The writer takes itself very seriously, calling itself “El Gato Malo”, and it seems that tens of thousands of people follow “The Bad Cat” for its willingness to post data that go against what the establishment says.
I’ll repeat its graph on Denmark (blue line is births, red is unvaccinated people):
It looks like births plummet as soon as people get vaccinated! 🙀 Worse, the cat reports that this pattern hold across numerous other countries, which it also graphed.
I suspect that the author is well-intentioned. The cat writes:
“honestly, i really hope this not what it looks like. the ramifications are just staggering and it honesty is making me a little sick to my stomach to work with this data.”
I hope my post will save the cat’s owner on steam-cleaning bills.
Let’s look at the problems with the Denmark graph. The two biggest are:
The scale is expressed in percentages, creating an optical illusion that births are plunging to near zero — one has to look closely at tiny font to notice that the cat’s own chart actually shows births falling by just 5% to 10%.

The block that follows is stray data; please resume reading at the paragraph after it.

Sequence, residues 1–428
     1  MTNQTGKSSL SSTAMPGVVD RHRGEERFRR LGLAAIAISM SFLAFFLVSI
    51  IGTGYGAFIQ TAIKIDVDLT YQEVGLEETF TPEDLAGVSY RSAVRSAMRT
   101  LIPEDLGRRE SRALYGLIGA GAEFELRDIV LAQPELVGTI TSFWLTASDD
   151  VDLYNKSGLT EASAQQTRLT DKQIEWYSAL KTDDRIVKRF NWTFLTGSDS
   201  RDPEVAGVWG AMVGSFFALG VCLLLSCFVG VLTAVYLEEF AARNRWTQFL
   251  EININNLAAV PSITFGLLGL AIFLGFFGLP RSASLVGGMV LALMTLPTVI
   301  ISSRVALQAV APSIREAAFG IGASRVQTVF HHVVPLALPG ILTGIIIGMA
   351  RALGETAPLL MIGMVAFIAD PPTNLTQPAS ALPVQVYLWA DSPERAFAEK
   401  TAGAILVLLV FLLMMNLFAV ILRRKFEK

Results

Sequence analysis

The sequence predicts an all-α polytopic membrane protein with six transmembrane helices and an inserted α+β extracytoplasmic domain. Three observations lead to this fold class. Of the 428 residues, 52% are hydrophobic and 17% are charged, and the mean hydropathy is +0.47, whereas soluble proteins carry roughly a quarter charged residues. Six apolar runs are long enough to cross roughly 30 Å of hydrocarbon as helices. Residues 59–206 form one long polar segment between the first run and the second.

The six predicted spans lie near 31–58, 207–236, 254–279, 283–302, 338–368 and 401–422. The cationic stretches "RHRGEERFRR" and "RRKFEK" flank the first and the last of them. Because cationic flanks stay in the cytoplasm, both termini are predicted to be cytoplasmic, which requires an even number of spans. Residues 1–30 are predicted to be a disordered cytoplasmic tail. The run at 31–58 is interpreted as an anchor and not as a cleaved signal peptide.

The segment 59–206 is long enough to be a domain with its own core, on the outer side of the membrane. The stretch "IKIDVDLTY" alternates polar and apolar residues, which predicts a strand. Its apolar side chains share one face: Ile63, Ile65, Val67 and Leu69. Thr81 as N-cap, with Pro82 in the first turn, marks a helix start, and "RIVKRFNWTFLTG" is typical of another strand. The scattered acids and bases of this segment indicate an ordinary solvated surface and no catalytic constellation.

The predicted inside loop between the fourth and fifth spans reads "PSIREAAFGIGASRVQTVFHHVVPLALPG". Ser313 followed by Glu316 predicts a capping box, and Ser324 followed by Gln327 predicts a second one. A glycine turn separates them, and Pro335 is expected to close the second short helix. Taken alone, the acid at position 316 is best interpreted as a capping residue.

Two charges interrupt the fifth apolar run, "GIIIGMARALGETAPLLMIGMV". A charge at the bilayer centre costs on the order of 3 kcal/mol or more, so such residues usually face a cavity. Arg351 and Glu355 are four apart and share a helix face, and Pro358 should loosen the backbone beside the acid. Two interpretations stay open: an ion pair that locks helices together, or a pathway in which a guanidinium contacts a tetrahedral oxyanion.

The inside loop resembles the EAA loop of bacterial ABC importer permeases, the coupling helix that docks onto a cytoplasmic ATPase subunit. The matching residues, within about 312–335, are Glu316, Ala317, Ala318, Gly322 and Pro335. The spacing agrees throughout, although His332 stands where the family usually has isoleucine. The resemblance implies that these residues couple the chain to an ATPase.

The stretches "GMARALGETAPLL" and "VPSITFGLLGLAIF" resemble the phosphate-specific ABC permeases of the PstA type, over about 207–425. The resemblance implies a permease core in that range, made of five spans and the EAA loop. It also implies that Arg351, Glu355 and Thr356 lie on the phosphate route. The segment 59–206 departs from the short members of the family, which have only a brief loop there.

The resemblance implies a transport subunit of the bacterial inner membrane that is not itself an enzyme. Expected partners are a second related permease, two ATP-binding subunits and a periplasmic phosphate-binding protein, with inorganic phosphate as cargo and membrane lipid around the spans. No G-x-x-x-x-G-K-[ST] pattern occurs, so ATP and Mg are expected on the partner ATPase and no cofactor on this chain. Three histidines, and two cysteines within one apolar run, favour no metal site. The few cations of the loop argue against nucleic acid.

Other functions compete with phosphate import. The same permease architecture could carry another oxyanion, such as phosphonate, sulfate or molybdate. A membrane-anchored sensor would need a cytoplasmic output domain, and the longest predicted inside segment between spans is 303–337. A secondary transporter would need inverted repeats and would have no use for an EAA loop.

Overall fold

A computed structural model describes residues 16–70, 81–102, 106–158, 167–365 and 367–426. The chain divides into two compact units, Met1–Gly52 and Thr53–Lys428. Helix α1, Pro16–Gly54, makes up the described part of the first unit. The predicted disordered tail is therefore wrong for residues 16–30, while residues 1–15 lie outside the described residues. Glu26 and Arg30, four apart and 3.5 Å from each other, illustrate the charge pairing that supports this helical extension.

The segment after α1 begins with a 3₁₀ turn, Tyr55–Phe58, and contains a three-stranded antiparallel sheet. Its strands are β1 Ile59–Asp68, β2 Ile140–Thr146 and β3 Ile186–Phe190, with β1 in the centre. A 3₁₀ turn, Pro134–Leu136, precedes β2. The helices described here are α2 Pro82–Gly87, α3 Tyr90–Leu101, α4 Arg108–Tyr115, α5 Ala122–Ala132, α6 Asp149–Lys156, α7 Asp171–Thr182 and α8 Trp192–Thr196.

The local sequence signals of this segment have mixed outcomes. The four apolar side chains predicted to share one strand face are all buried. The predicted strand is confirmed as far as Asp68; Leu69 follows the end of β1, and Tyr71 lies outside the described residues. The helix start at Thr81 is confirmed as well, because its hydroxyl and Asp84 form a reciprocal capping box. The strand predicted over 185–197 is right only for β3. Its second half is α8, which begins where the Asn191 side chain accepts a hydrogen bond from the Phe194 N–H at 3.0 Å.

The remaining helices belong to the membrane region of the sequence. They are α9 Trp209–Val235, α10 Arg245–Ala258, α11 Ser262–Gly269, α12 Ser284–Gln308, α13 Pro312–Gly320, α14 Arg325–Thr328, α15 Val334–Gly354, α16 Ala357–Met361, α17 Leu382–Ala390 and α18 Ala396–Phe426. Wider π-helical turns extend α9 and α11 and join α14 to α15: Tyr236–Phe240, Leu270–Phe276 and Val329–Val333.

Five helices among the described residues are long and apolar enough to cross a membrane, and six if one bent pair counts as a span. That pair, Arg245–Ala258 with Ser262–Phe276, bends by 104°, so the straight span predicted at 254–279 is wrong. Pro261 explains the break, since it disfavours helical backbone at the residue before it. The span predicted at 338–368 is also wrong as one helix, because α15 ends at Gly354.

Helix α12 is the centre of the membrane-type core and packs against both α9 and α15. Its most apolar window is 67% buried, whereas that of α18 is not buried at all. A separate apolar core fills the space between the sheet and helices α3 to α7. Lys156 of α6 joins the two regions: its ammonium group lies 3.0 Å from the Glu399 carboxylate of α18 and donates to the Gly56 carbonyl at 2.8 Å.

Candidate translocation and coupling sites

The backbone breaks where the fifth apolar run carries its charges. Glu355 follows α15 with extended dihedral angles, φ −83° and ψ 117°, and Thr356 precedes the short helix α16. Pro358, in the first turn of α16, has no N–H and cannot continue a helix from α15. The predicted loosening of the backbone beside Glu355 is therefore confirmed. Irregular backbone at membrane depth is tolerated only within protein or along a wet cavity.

The vaccine data are scaled to map perfectly onto the fall in births, giving the illusion that they are nearly perfectly correlated.
Two other more minor issues in the footnote.4
Removing the optical illusions by graphing things in absolute terms, we get (as we saw above):
That’s much less scary.
I think it’s fascinating to look at the above two graphs, and remember that they are using the same underlying data — just making different graphing and scaling choices. Doing it in absolute terms to avoid illusions makes all the difference.
A reminder that there are clinical studies, too, which find no effect
This study looked at people who were trying to conceive, examining 897 unvaccinated people and 1,229 vaccinated people. They found that vaccinated people were no more or less likely to conceive. Now the big-picture data have confirmed such studies.
Why no effect?
Given that Covid vaccines definitely can cause disruption to menstrual cycles, some might still be skeptical.
Commenter Julia D. notes:
Any major stressor can cause your body to say “nope, let’s not get pregnant right now” and trip up your cycle. Such stressors can include vaccination, infection, strenuous exercise … This is common and temporary.